Content on this page was developed during the 2009-2010 H1N1 pandemic and has not been updated.
- The H1N1 virus that caused that pandemic is now a regular human flu virus and continues to circulate seasonally worldwide.
- The English language content on this website is being archived for historic and reference purposes only.
- For current, updated information on seasonal flu, including information about H1N1, see the CDC Seasonal Flu website.
2009 H1N1 and People with Diabetes
January 20, 2010 1:00 PM ET
People with diabetes are at increased risk for severe disease and complications, such as hospitalization and death, from both seasonal flu and 2009 H1N1 flu. CDC recommends that all people with all types of diabetes who are 6 months and older get vaccinated against 2009 H1N1 with a flu shot. This includes people 65 years and older. People with diabetes who are 6 months and older, are recommended to get a seasonal flu shot.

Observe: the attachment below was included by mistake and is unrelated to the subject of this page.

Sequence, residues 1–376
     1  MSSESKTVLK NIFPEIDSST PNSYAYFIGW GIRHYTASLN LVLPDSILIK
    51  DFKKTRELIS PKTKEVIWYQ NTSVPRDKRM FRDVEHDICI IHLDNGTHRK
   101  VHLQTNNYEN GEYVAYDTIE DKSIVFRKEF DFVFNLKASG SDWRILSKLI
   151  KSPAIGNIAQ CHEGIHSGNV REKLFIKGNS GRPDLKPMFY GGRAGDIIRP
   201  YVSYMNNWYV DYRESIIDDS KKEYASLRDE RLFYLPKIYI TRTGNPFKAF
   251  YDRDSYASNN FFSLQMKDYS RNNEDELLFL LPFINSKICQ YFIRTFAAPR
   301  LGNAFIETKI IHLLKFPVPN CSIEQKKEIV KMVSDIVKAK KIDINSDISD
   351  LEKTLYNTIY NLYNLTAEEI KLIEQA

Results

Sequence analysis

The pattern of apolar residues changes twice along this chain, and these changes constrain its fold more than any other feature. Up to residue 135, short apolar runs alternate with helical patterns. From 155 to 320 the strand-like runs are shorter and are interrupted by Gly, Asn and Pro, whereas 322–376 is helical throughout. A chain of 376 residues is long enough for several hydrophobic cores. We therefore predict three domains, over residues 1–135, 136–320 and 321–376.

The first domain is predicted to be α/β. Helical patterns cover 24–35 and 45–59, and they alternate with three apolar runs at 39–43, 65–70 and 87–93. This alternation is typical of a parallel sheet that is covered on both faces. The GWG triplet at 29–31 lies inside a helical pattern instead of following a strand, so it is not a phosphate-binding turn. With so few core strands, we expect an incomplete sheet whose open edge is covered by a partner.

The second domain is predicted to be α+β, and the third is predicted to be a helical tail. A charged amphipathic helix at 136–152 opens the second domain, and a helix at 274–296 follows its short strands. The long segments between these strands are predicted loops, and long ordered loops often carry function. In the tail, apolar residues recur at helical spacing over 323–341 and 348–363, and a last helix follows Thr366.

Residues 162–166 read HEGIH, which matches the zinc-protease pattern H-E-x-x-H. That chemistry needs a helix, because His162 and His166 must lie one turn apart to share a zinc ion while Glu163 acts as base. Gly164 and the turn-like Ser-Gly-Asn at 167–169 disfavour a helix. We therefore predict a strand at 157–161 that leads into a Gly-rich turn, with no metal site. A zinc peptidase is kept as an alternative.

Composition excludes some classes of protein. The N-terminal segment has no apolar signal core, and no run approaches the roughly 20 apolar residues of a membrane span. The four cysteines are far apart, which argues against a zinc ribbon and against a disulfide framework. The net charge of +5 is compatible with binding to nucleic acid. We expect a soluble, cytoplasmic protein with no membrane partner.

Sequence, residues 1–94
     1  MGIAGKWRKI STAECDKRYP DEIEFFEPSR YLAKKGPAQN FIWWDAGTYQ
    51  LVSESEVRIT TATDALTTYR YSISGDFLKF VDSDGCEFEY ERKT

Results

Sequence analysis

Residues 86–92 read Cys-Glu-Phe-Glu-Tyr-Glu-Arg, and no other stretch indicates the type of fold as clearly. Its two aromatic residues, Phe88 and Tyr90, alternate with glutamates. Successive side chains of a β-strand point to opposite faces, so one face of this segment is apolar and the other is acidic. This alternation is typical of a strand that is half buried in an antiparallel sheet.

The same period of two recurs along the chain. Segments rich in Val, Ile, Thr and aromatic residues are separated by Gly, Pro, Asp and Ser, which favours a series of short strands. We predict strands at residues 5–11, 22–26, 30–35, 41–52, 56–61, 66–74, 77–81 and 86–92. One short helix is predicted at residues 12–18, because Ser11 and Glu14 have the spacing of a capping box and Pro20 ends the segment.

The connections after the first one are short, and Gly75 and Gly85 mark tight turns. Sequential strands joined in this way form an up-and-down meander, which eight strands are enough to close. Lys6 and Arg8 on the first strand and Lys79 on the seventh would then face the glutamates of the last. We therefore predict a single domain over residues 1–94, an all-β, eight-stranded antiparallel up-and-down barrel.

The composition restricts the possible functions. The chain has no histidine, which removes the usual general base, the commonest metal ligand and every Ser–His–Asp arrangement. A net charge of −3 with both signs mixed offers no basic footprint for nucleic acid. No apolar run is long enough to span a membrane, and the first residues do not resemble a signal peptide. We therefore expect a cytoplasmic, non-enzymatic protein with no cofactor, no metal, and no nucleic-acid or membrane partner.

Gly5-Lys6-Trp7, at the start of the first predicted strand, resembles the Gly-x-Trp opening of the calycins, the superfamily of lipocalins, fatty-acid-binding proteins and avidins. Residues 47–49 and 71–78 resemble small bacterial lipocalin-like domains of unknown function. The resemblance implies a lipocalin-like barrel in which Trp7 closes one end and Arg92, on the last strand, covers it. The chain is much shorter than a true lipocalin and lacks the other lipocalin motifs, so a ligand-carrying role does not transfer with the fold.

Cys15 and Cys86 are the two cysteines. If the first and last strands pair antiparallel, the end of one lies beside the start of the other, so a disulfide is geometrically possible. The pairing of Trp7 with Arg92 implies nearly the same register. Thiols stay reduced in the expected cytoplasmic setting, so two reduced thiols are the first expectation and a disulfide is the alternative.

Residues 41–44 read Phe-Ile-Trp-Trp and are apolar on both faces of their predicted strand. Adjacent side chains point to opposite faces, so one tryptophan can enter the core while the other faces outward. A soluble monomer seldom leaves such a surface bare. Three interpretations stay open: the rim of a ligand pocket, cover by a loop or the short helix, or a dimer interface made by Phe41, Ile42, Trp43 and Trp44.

They should not get the get the nasal spray flu vaccine. In addition to getting vaccinated, people with diabetes should take everyday precautions for protecting against the flu.
People with diabetes with suspected or confirmed 2009 H1N1 infection should be treated promptly with antiviral drugs oseltamivir (Tamiflu) and zanamivir (Relenza). You should also follow a diabetes management plan, including sick day guidelines, developed with your doctor.
- Information About 2009 H1N1 Vaccines
- Key Facts about Seasonal Flu Vaccine
- Questions & Answers: Antiviral Drugs 2009-10 Flu Season
- People with Diabetes and 2009 H1N1
- Flu information for People with Diabetes and Caregivers of People with Diabetes
- CDC Feature: Living with Diabetes
- Sick Day Guidelines
- Pneumococcal Vaccine
- CDC Diabetes Web site
- CDC Obesity and Overweight Web site
- People at High Risk of Developing Flu-Related Complications
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